In this episode:

    Mike and Ed discuss the claim that Spider-Man is a coward. The hero clearly ran from at least two fights (with the Green Goblin and later with Sandman). Does that make him a coward, or just concerned for his own safety? What makes someone a coward? Even if Spider-Man is not a coward, if he is now afraid to engage with supervillains, is he just in the wrong line of work? If you are afraid of driving fast, that is okay, but maybe do not chose to become a race car driver …

    Behind the comic:

    Most of the issues in this time period - across all the titles - are standalone. The hero ends each issue in a very similar place to where he started. This issue is different. In Spider-Man #17, Peter ran away from the Green Goblin because he had to help his aunt. This issue builds on those events. Peter is now worried that he should not be Spider-Man because if something happens to him, his aunt will have no one to care for her. These dilemmas that Stan thrusts on Peter are what make the early Spider-Man titles stand apart from so many of the other titles at the time. Peter’s issues continue into Spider-Man #19.

    In this issue:

    The Daily Bugle publishes a story on how Spider-Man is a coward, and the world at large appears to believe it. J. Jonah Jameson is really playing up the story, and Spider-Man’s reputation is really quite damaged. Peter struggles with what he should do, staying on the sidelines while his aunt is ill. She eventually recovers, and Peter decides that he can return to his duties as Spider-Man.

    Assumed before the next episode:

    People are wondering if they are being a little hard on Spider-Man. I hope.

    This episode takes place:

    While Spider-Man is considered to be a coward.

    This is a public episode. If you would like to discuss this with other subscribers or get access to bonus episodes, visit www.superserious616.com

    • 8 min
    Episode 163: Buying Super Powers (Avengers #10) -- November 1964

    Episode 163: Buying Super Powers (Avengers #10) -- November 1964

    In this episode:

    Mike and Ed discuss an ad that has been appearing in the back of comics and magazines that promises to provide customers with superpowers. Are we finally seeing mass-produced superpowers? Is this organization being run by the government? Will getting powers be dangerous? Or is it all a scam or a prank?

    Behind the comic:

    This is the first appearance of Immortus. Immortus is later retconned into being a future version of Kang the Conqueror, but in this appearance he is a standalone character with no connection to Kang.

    In this issue:

    Rick Jones responds to an ad which promises to give him superpowers. It is a ruse by Immortus, who is working with Baron Zemo and the Masters of Evil, to bait the Avengers into a fight. The Avengers oblige, and Immortus, as a master of time, bring various historical figures to the present to fight the Avengers. Ultimately, the Avengers prove their mettle and defeat Immortus and his motley crew drawn from the far reaches of time. This issue also includes a classic “heroes fighting due to a misunderstanding”, and demonstrates the might of Captain America.

    Assumed before the next episode:

    The Avengers are wondering how to protect themselves against someone who can travel through time.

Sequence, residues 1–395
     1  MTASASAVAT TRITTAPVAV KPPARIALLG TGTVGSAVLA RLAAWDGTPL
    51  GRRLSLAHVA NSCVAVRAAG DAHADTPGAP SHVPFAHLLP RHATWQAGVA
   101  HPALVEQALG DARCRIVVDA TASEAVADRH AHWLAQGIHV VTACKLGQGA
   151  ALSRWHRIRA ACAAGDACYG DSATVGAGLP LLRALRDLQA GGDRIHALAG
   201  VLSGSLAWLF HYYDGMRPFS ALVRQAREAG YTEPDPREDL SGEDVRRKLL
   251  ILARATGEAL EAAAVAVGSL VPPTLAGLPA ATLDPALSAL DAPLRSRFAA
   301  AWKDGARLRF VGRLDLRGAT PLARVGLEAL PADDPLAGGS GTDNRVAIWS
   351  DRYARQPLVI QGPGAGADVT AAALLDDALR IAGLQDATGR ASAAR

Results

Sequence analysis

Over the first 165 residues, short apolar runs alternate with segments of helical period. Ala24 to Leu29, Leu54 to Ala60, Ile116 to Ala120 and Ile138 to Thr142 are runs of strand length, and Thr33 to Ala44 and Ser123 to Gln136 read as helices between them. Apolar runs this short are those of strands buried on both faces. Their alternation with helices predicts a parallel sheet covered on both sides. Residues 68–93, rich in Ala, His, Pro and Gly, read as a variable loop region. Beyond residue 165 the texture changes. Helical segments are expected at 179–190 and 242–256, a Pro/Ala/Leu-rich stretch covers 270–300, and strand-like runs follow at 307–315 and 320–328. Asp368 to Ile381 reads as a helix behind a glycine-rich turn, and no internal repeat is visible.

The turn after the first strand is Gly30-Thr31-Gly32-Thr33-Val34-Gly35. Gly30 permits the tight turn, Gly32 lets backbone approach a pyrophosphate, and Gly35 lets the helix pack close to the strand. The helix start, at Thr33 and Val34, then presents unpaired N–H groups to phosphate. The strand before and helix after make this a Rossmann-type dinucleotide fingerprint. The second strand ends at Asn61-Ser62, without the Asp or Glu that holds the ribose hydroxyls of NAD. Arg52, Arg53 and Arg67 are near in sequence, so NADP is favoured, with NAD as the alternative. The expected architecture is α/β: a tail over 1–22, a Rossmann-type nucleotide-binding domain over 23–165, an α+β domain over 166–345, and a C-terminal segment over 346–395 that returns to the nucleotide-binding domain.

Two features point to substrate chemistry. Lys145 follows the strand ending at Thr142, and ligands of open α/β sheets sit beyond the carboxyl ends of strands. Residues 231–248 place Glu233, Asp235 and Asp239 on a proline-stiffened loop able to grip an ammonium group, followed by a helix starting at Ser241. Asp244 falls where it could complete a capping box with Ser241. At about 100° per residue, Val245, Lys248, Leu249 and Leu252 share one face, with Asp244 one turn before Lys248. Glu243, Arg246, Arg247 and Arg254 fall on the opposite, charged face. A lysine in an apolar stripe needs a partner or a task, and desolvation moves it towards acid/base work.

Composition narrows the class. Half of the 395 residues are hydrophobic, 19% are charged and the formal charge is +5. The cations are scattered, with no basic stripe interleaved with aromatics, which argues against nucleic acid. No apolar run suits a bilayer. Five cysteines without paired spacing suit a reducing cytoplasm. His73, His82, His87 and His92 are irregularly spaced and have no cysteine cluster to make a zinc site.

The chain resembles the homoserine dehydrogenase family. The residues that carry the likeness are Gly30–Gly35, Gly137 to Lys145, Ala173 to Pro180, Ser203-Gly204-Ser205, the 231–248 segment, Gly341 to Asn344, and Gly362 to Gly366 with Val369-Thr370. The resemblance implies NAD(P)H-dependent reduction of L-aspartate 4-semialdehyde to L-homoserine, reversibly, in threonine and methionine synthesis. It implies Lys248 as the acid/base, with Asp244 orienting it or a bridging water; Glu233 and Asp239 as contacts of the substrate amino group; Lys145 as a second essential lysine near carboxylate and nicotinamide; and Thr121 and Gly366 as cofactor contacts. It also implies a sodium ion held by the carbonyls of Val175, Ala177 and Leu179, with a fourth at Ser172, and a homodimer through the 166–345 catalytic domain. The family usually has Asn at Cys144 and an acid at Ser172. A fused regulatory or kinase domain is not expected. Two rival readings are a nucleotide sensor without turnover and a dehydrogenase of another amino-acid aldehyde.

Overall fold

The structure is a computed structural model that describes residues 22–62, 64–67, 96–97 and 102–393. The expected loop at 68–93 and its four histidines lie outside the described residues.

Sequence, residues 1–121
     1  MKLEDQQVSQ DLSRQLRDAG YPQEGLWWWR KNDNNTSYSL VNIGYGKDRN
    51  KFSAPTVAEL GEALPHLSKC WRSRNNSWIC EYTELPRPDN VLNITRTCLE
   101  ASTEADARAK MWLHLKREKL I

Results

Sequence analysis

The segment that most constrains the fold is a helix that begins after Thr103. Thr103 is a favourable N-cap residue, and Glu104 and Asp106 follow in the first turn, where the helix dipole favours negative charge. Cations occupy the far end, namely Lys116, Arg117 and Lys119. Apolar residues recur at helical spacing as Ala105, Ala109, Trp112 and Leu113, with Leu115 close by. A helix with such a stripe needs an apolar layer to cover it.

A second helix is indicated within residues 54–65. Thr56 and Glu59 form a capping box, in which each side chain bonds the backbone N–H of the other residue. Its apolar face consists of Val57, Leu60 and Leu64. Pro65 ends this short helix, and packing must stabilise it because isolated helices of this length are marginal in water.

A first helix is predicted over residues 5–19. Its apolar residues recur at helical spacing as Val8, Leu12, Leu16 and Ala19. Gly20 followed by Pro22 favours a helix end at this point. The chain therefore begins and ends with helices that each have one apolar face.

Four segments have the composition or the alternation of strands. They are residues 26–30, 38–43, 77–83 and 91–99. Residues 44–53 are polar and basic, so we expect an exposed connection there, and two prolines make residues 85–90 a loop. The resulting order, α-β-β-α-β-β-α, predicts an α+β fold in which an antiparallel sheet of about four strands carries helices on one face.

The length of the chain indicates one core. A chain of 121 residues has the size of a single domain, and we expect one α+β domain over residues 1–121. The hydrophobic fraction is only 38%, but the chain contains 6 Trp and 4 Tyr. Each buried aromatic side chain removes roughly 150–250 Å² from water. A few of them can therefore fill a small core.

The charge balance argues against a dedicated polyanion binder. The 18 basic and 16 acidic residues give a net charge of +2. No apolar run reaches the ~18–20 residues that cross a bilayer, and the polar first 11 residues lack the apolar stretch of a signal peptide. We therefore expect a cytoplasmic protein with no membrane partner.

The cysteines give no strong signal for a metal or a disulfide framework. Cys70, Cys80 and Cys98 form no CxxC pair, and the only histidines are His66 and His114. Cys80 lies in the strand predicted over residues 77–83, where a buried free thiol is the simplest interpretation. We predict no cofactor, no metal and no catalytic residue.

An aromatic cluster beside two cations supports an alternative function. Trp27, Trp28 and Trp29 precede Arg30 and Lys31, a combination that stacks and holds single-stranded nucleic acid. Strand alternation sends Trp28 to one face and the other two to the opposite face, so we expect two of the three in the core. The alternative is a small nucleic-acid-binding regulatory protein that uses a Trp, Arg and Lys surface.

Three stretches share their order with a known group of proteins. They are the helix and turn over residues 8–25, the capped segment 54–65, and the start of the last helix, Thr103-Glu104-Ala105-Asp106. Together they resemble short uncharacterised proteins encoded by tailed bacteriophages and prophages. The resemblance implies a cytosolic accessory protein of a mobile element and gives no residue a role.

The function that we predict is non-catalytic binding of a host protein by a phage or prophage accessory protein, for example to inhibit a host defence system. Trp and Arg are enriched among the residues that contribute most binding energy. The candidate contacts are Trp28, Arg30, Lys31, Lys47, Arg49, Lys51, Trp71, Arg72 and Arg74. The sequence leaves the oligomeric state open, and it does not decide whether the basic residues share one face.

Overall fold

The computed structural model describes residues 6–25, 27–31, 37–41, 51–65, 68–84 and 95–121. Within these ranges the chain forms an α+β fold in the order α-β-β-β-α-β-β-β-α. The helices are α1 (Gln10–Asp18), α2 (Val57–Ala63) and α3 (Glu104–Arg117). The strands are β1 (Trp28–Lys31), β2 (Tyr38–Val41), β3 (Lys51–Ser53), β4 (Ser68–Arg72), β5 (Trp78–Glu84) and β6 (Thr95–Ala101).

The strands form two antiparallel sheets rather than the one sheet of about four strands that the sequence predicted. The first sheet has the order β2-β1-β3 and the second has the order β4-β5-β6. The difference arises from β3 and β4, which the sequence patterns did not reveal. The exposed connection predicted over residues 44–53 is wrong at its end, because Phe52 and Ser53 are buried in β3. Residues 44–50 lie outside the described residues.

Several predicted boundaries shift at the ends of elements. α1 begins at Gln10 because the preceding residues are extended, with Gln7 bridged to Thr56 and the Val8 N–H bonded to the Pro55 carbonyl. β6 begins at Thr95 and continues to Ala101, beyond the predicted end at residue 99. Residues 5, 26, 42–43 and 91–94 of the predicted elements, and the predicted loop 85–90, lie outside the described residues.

This episode takes place:

    After the Avengers have defeated Immortus.

    This is a public episode. If you would like to discuss this with other subscribers or get access to bonus episodes, visit www.superserious616.com

    • 7 min
    Episode 162: Mutant Prejudice (X-Men #8) -- November 1964

    Episode 162: Mutant Prejudice (X-Men #8) -- November 1964

    In this episode:

    Mike and Ed discuss the recent attack on “The Beast” of the X-Men. Beast was attacked not for what he was doing, but for who he is: a mutant. Why are people anti-mutant? How are mutants different from other people with superpowers? What is driving this hysteria? Is there any logic to the prejudice? How should the broader super-human community respond?

    Behind the comic:

    Until X-Men #8, the X-Men were not very different from the Avengers. They were younger and in school, but both teams worked for the government and fought bad guys and monsters. The X-Men’s villains were more likely to be mutants, but that was just the use of a different rogues gallery. That all changed with X-Men #8, when Stan Lee started with the idea that mutants themselves were “hated and feared”. This idea gains steam over the coming months (Sentinels are introduced in X-Men #14), but this was where it all started!

    In this issue:

    Hank “the Beast” McCoy rescues a child in front of panicked onlookers, following which the crowd attacks him. They identify him as a mutant, whom they apparently hate. Hank is obviously upset, and wonders in anger whether Magneto isn’t right. He leaves the team and becomes a professional wrestler, where he meets a fellow mutant, Unus the Untouchable. After the match, Unus meets with Mastermind to see if Magneto will let him join the Brotherhood, but he gives him another test, which is to defeat a member of the X-Men in combat. And so Unus joins in on a bank robbery, hoping this will lead to a battle with the X-Men. Which it does, although the results are inconclusive, and Unus gets away. When they meet again, Hank shoots him with an energy gun which augments his power, creating a King Midas type scenario, Unus being unable to touch anything. Hank thereafter powers Unus down, having promised him to quit trying to join Magneto and his Brotherhood, and to stop acting supervillainy.

    Assumed before the next episode:

    People are becoming more intolerant towards mutants, which is sad.

    This episode takes place:

    After Unus has been defeated… for now.

    This is a public episode. If you would like to discuss this with other subscribers or get access to bonus episodes, visit www.superserious616.com

    • 9 min

Customer Reviews

5.0 out of 5
7 Ratings

7 Ratings

surbet11 ,

Review

Tons of fun for any marvel fan. If you enjoyed something like Marvels or that kinda on the ground viewpoint of the marvel universe, you’ll probably love this.

allkindsofnogood ,

Super Awesome Idea!

As a long time Marvel Comics fan, my hat goes off to this podcast for basically reviewing classic issues from some of the greatest characters in that line: Fantastic Four, Thor, Avengers etc. and doing it the style of a news radio broadcast! This terrific twist coupled with shorter episode lengths makes for an easy convenient listen that leaves you wanting more!

David Gallaher ,

A Modern Marvel

Hosts Mike and Ed create a ‘man on the street’ style podcast that is creative, fun, and unlike anything you’ve heard before